Reflections on being a househusband

mr_momIn the recent Globe and Mail article – Mr. Moms get little respect – several important issues are raised about dads in the role of primary parent. Here are my reflections on these some of these issues.


Are other dads jealous of the househusband who gets all that time with their kids? Don’t kid yourself. A few are, but the majority of men are not jealous that they can’t be with their kids 6-8 hours a day. The thought of spending that much time with their kids is about the last thing many dads want to do. Don’t get me wrong – dads love their kids. They just don’t want to spend that much time with them — even if they could. This is usually expressed in the form of jokes or that look dads have on Sundays, that I-just-had-a-crazy-weekend-with-the-kids-thank-god-tomorrow-is-Monday look.

I’m not saying that I don’t feel sometimes that I’ve had a bit too much of my kids. Spending that kind of time with any other person can get on your nerves. But it is precisely out of this daily closeness and bumping up against each other that true intimacy grows. No occupation smells like roses all the time. But given the choice, I think most dads wouldn’t trade their day job for househusbanding.


This leads to an obvious discussion about the respect. I think that the person who’s lead role it is to be a homemaker and raise kids gets the same amount of respect whether that person is male or female. And generally speaking, we don’t respect that role as much as we respect career achievements outside the home. That’s both how I feel and how I’m made to feel by others which gives rise to considerable internal conflict for me. While I want to be doing what I’m doing, I don’t feel like I’m fully actualized as a person. And this is a feeling I am not comfortable with. As women have left the homemaker role and moved into the workforce over the past 50 years, the role of caregiver and homemaker has been devalued to the point that, regardless of how fulfilling it feels to me, I find myself thinking that I should be feeling unactualized. If I feel alright about putting my career second and making a home for my kids, then I am somehow not being ambitious enough. Not male enough.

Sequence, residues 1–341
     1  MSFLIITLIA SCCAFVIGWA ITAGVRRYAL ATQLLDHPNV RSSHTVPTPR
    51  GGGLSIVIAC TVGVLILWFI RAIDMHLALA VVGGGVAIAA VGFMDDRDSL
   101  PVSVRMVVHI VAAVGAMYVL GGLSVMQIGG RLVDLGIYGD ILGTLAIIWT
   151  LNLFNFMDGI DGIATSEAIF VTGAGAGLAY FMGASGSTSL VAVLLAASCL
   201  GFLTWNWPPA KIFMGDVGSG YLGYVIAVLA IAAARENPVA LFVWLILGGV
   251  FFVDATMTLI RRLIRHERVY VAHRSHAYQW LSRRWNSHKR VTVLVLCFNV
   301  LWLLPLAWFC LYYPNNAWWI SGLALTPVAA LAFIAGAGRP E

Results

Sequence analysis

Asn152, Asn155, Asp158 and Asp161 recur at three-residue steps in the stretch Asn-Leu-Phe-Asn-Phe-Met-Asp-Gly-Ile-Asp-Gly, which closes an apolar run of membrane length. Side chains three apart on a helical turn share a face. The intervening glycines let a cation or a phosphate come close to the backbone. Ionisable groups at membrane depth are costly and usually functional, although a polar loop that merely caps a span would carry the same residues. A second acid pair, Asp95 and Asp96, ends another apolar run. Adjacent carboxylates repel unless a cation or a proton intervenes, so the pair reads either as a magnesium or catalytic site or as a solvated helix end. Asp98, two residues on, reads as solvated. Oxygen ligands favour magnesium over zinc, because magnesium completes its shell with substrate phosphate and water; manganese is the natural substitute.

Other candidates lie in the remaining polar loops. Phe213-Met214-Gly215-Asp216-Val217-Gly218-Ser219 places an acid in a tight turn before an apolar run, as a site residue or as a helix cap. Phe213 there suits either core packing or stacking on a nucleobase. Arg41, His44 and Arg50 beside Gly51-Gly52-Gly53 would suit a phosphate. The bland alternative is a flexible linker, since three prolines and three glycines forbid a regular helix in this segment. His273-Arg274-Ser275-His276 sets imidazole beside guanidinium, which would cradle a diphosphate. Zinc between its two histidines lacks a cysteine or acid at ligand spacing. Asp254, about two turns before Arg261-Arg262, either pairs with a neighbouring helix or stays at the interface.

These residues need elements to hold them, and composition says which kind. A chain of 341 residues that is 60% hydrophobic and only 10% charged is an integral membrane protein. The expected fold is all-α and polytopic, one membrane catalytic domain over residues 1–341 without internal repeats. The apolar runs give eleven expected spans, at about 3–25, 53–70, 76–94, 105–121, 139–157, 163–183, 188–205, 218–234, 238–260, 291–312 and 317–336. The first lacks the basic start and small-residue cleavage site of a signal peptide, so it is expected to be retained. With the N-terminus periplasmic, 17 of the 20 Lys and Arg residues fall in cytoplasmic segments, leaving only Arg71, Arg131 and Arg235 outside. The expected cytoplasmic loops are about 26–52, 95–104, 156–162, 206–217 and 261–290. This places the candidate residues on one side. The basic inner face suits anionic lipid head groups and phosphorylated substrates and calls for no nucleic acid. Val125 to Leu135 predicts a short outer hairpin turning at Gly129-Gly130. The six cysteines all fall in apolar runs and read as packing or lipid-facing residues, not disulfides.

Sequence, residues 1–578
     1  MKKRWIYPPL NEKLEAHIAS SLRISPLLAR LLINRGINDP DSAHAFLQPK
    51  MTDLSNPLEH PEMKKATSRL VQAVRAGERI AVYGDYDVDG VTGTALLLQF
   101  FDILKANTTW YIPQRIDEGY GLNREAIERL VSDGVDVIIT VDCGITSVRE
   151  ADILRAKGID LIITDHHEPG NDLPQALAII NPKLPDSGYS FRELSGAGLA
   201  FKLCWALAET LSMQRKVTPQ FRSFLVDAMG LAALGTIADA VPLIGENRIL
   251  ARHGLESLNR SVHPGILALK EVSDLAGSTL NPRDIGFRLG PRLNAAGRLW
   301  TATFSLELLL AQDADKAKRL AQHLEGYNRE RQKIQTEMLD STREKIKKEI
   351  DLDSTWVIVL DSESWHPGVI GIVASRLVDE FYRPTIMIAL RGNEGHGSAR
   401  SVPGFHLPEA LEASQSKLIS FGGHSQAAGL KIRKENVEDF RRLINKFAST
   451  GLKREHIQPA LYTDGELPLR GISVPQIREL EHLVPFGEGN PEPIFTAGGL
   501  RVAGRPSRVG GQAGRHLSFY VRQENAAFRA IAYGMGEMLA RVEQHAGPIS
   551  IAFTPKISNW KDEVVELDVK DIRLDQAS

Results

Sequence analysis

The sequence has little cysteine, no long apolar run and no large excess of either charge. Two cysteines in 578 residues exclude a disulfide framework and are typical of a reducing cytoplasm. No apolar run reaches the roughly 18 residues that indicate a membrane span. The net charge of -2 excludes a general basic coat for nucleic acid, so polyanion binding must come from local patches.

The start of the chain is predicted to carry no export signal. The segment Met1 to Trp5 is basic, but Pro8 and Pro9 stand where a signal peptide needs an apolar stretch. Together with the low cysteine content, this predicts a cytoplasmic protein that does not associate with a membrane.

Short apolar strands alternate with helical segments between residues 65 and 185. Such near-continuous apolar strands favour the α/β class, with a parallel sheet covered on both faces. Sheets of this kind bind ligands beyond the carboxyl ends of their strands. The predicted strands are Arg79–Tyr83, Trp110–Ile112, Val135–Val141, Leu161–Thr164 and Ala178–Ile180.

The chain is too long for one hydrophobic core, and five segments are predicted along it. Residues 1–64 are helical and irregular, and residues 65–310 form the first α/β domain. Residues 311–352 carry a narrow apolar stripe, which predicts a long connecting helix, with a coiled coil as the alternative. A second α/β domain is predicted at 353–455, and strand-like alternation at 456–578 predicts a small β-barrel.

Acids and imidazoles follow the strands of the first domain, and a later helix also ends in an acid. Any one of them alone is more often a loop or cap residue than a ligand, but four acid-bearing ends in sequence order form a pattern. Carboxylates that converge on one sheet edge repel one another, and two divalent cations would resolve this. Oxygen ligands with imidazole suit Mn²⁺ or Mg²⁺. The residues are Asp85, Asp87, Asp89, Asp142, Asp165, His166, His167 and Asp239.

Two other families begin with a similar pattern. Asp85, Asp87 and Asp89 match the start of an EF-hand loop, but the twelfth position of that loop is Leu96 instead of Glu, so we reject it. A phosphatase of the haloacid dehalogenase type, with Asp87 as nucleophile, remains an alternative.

There are some mothers who do respect us male family caregivers for a whole host of reasons – we are present in our kids’ lives, we shop and do household chores, etc. I have those aspects of my life in common with these women, so there is a sense that I understand and respect more because I am doing it too. But, lurking underneath this appearance of respect can sometimes be a traditional woman who is really wondering why this guy doesn’t have more of the provider tendency in him.

Most surprising to me, though, is the way my kids see my choice. Lately, they are asking me what I do – what is my work. When I describe homemaking and parenting as a job, they don’t get it. And since most (almost without exception) of their friend’s dads work outside the home, it is hard for them to understand.


There is always friction around the chores of homemaking. When I took on the role of househusband, it was clear that I was taking on the general responsibilities of managing the house and kids and that these could extend well into the evenings and weekends. Yet, it was not entirely clear that just as my wife is expected to go out the door every morning armed and ready to do battle in the business world, I am expected to carry the ball on the home front each day – even when her work day or week has ended. This took a bit of adjustment, but I get it now.

We also have different needs and expectations around the state of cleanliness in the home. I try to have the place straightened and cleaned once per week, usually on Friday in anticipation of Shabbat. My wife is generally very tolerant about the state of the house, even if our requirements differ. I agree with the article in that I don’t feel judged by my house, they way some traditional female homemakers might. Yet, I am not happy having guests in my home if it is a mess, so I understand the sentiment.


Stress can sometimes occur when working mother can’t give up control – she wants all kinds of things done her way and he just doesn’t get it. On this point, I must give my wife enormous credit for letting go of many of the responsibilities that are now mine and living with the consequences, generally speaking. This considerably reduces the control-related stresses inherent in our non-traditional arrangement.


We all need to be appreciated. And it is rare that we tell each other enough that we are. I appreciate that my wife is as good as she is professionally so that I can afford to be dedicated to making a home and life for our family. And I truly believe that she is appreciative that I am backing her up, so she is on a level playing field with her male colleagues who all have wives at home backing them up.

In the end, it is precisely this mutual appreciation that is behind any successful partnership.

(Thanks to my dad for drawing my attention to this thought-provoking article.)

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